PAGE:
I really didn't know what was going to happen. So, as you'll see throughout me shooting here, there's quite a few challenges that I had to overcome as far as trying to get a good picture of this pup. Now throughout this video I want to talk about two different aspects of this. We're going to talk creative, and we'll talk technical. There are challenges that you have to overcome on both sides of that. And that's what we are going to focus on in this video. Stay. Sit. So, creatively to start, one of the most common mistakes is not getting down to your pet's level. If you're standing up and the pet is down on the ground, and you're trying to take a picture of it, chances are, it's just not going to be that interesting.

So, the first thing you should do is get down low. Now that might mean just crouching down and, and being on your haunches and getting down kind of at the animal's level, or even getting all the way down on the ground. That of course poses its own challenges. Namely, it's kind of hard for you to lay down on the ground and move around when the animal's moving around. You kind of have to move pretty quickly that way. But it certainly can be done. And it will definitely make for some better pictures. So, let's start talking about technical stuff. And, the first one is going to lead in from this whole idea of getting down on the ground.

If you're laying on the ground, that's one thing. But if you have a camera that has an articulated view finder, that's going to make things a whole lot easier on you. So, for example here, I was was shooting with this Lumix GX7 camera. It's a micro four thirds camera. And one of the really cool things about it is. The articulated finder. So I can move this out and I can basically go straight up like this. Allowing me to set the camera, virtually completely on the ground and look down on it, to do my pictures. So this means I can literally get this right at the animal's level. Even if the animal is, laying down on the floor.

Head on the floor, asleep, whatever it may be, I can put the camera down right in front of him, and not worry have to worry about crouching over, not have to lay down myself, and so on. So having a viewfinder like this is certainly going to make things a lot easier. And obviously not every camera has that, and we work around the challenges that we have. But if you have that capability then, by all means, take advantage of it. Now let's talk about some of the technical settings on the camera as well. If you're shooting indoors, which is, you know, pro, probably pretty likely where you're going to be most of the time with your pet taking pictures of them. because if you're outside they're going to be running around like crazy and that's a whole different thing.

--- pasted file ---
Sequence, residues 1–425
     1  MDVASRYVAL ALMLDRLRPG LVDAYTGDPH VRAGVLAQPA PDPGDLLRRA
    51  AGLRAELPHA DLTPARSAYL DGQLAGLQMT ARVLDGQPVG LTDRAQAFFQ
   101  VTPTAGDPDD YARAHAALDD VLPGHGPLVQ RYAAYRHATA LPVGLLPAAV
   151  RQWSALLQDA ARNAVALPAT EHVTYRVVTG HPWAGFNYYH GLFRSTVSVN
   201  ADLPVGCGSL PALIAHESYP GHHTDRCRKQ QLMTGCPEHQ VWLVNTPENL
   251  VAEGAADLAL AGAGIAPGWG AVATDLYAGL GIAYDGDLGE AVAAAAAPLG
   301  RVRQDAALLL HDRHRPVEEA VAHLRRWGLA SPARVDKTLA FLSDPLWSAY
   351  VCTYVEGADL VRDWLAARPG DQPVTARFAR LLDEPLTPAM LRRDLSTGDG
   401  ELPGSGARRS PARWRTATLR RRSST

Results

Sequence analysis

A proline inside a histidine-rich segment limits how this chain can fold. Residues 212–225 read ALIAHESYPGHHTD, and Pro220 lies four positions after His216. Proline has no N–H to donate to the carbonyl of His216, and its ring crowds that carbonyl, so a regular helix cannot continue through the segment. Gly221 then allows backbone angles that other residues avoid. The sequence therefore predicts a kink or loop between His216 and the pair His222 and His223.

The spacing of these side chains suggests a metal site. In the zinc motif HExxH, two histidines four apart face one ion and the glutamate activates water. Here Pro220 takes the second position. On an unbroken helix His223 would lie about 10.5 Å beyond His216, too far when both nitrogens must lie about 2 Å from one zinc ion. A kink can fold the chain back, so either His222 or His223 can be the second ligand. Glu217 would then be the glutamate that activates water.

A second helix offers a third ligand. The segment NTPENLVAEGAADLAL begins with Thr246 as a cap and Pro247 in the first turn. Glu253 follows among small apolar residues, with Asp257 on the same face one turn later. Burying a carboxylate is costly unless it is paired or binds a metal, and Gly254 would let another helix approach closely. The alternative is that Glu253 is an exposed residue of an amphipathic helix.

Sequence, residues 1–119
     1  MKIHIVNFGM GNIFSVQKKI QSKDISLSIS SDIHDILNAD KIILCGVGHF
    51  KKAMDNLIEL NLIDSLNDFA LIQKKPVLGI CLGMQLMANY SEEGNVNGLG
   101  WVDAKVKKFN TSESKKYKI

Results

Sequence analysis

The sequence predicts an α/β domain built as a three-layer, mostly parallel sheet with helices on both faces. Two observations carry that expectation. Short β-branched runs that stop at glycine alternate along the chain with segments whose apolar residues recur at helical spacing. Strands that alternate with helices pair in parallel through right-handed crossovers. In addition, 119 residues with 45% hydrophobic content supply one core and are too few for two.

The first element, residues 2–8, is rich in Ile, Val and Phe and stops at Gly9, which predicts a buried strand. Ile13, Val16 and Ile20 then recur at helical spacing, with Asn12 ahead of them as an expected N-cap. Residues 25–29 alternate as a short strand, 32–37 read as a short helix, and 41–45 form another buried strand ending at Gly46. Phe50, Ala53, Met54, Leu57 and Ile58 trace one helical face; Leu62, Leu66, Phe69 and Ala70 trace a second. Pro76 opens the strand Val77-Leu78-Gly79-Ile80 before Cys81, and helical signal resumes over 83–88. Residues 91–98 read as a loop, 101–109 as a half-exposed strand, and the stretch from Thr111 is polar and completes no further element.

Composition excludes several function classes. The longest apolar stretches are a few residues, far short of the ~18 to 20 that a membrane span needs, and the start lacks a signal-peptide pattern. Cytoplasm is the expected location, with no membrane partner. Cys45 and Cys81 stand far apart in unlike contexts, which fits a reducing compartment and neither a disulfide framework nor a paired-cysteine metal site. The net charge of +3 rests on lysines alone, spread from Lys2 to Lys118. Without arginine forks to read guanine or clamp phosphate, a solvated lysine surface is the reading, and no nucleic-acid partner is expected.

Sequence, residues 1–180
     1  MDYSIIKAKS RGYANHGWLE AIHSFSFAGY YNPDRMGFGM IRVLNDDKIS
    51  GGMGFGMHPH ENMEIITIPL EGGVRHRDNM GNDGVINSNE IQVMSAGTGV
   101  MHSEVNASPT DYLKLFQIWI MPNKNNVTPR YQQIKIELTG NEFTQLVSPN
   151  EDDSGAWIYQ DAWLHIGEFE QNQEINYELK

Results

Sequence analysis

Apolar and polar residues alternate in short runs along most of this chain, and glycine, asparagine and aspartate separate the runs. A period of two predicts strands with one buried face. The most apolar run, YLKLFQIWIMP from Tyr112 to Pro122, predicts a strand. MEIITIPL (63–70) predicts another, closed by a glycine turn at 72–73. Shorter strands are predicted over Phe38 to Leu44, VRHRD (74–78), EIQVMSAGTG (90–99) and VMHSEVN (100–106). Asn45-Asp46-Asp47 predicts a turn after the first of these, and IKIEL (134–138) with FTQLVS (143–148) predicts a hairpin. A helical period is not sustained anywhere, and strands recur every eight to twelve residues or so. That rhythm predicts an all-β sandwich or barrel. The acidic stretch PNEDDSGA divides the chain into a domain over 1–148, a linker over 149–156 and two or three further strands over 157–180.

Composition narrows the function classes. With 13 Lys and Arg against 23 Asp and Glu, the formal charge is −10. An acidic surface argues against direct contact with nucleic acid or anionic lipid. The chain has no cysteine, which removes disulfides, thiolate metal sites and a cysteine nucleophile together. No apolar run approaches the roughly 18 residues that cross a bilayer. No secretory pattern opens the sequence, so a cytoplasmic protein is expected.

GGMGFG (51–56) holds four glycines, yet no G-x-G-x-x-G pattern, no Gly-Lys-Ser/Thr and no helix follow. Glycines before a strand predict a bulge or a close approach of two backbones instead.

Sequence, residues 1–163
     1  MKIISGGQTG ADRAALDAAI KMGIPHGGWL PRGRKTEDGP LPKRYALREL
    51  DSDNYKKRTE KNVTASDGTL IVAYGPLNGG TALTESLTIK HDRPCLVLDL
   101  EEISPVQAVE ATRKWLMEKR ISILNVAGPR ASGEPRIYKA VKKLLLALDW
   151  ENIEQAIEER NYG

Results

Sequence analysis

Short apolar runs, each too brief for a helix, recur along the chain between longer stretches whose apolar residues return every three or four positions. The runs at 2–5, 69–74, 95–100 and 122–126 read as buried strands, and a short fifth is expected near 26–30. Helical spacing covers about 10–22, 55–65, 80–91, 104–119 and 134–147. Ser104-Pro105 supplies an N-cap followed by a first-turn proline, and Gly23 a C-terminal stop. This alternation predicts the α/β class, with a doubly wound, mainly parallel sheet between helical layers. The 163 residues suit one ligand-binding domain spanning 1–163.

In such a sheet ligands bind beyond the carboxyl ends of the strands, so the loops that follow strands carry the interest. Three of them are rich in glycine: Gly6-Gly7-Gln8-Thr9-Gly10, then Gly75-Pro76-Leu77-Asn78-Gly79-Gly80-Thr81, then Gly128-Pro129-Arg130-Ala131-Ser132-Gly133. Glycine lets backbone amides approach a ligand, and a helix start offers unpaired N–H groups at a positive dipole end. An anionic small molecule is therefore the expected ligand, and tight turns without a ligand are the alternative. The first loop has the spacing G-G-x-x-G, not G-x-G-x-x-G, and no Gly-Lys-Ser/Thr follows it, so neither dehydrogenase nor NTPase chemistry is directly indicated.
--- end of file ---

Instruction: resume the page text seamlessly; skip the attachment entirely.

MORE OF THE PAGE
But if we're just trying to get some cute photos indoors, then one of the challenges you'll have, is probably not a whole lot of light. Now you'll notice throughout this video that I wasnt using the flash at all. Using the flash for pet photography is, probably not ideal. Unless you're going to set up a big complicated lighting scenario, where you're bouncing lights off the ceiling and that sort of thing. Having an on camera flash isn't really going to be ideal. So, if you can, you want to shoot without the flash. So, what does that mean? Well, if you're shooting indoors, you don't have a whole of light. So, you're going to have the challenge of slow shutter speed. And if you are shooting too slow of a shutter speed, any movement the animal makes, is going to be blurry and you certainly don't want that. What I'm going to advice, is go into shutter priority mode. That allows you to set the shutter wherever you want it, and let the camera figure out everything else. Now since you're on low light, chances are the camera's going to automatically give you that really wide aperture. So that shallow depth of field that you want anyway, to give you that really nice look. So I don't even have to think about that, and I'll let the iso be the balancer. The iso on the camera is going to go up or down depending on what light I have. If you have an auto iso limiter set on your camera. It might be set to something like iso of 800 or 1200, something like that. And you'll find that your camera's flashing at you that it's not capable of doing whatever exposure you're trying to get it to do. So take a look at your settings and see if you can raise or even remove the limit on your auto iso. That's not available on all cameras, but if you have it, check it out. You may end up shooting in a much higher iso than you normally would. But, it will allow you to freeze that motion and get that shot that you want. And of course, if you need more light at the end of the day, turn on some more lights in the house or, maybe, you do have to take your pup outside and that's the only solution. But either way, you've got lots of different options in there, on how to get the exposure, and how to lock that in and freeze that dodge movement.